Whether it’s neural networks, natural language processing, machine learning or computer vision, artificial intelligence (AI) is increasingly used to improve enterprise solutions. All AI applications are data-driven and therefore dependent on high-quality data. In this post, we'll examine examples of how data quality improves AI.
Better data, better search
Let’s begin by looking at an AI application that has been around for decades, which most of us still use several times daily – an Internet search engine. Its goal is to help you find websites, images, videos and other online content relevant to your search query. A search engine is driven by, and dependent on, high-quality data in three ways.
Index of keywords and metadata
First, a search engine is driven by an index of keywords and other metadata that its algorithms use to filter and weight search results. This is how it returns a ranked list of links with the most relevant results listed first. Just like any machine learning for AI, the quality of the search engine’s training data is essential. Its training data is the initial search index along with a set of expected search results for the most common and relatively unambiguous search queries. This enables the analytical model the search engine is building to get off to the right start by establishing the correct correlations between the search index and different search queries.
Up-to-date and frequently refreshed data is necessary for improving any AI application. Web crawlers help search engines obtain this type of data. Web crawlers go from website to website to collect data for updating and optimizing the search index. This is where it encounters an interesting data quality challenge – search engine optimization (SEO).
From an SEO perspective, both individuals and organizations try to game the system to get their websites to rank higher in search results. I remember the early days of the Internet when the footer of fraudulent and malware-ridden websites contained long lists of common keywords. That was an attempt to rank higher and draw more visitors to the page. In this example, search algorithms had to be updated – not because of bad data but because of good data put to bad uses.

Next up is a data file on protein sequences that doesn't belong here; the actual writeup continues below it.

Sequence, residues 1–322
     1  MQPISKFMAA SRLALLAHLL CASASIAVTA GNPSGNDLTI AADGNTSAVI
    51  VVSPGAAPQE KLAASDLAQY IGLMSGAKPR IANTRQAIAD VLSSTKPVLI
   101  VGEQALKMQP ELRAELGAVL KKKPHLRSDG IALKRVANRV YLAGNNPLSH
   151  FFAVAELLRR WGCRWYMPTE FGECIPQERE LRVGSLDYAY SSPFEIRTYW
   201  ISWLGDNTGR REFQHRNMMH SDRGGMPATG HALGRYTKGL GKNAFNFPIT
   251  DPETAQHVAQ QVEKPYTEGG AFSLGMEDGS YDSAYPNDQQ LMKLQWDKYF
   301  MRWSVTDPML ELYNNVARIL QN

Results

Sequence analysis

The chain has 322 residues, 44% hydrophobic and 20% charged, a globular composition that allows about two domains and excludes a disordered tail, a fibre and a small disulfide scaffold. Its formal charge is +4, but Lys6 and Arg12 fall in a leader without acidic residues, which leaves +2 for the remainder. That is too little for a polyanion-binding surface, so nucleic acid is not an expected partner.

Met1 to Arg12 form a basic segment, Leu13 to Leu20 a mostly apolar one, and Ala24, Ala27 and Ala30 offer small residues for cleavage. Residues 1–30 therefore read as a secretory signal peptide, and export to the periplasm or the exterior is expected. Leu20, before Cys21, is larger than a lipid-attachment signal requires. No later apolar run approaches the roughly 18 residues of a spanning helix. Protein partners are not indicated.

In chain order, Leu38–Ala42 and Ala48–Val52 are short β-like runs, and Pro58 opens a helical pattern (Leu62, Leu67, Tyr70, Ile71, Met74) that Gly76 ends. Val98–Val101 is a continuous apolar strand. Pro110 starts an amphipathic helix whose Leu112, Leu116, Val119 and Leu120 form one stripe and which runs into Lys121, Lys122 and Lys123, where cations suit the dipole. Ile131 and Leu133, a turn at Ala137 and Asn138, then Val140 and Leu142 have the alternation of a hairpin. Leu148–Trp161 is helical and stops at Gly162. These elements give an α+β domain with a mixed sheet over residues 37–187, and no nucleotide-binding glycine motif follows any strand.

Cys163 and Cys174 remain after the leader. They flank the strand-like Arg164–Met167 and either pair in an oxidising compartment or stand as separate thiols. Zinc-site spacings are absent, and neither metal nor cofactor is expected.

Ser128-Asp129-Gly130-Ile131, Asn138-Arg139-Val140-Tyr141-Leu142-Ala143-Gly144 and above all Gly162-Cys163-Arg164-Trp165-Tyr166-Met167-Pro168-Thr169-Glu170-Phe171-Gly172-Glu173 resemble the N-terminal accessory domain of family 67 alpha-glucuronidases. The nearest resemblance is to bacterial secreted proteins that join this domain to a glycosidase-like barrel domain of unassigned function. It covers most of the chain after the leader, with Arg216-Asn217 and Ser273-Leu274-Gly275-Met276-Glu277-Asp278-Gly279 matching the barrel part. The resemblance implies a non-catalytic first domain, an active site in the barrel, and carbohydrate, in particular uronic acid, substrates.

SEO requires the search engine to continuously adapt – or, in some cases, be manually adjusted – to overcome new attempts to game its system. Non-AI manipulation of the search engine also occurs when companies pay their way to the top of search results. But in recent years search engines have started clearly marking those search results as advertisements.
Learning from users
The third way a search engine is driven by data is the real key to its success – learning from users. When users don’t like the search results they get, it’s often due to mistakes in their search queries. For example, people make errors in spelling or keyword order, use too few or generic search terms, or include ineffective or unnecessary information in the query.
When users modify their query, especially before clicking on any results, it provides a powerful learning opportunity for the search engine. That's because the search engine retains both the original and the modified query. By comparing the two queries and the results eventually selected, the search engine learns and strengthens correlations between the search index and different search queries.
If you initially searched for “bat man” and then “bat man superhero,” it learns that users are more likely searching for a comic book character than an animal control specialist. This is why the predictive algorithm that helps you complete your search query starts recommending keywords to add to the query as you type. For example, if you start typing “bat man,” the recommended keywords for most search engines include “movie,” “comic book” and “toys.” This is the same reason you get “Did you mean Batman?” – because the search engine has learned that the comic book character is a one-word proper name. Further, the search engine learned how to spell not by using a dictionary but by learning the correlations between misspelled keywords and correctly spelled entries in its index.
As this illustrates, users continuously improve the quality of the data a search engine is so highly dependent on. Users perform the time-consuming task that undermines most AI applications: data cleansing.
A search engine demonstrates how an AI application requires massive amounts of high-quality data to achieve its goals. It also exemplifies how an AI application has to incorporate formal processes for continuously ingesting new data and methods for continuously improving data quality.Download an e-book to explore how AI can improve your understanding of the world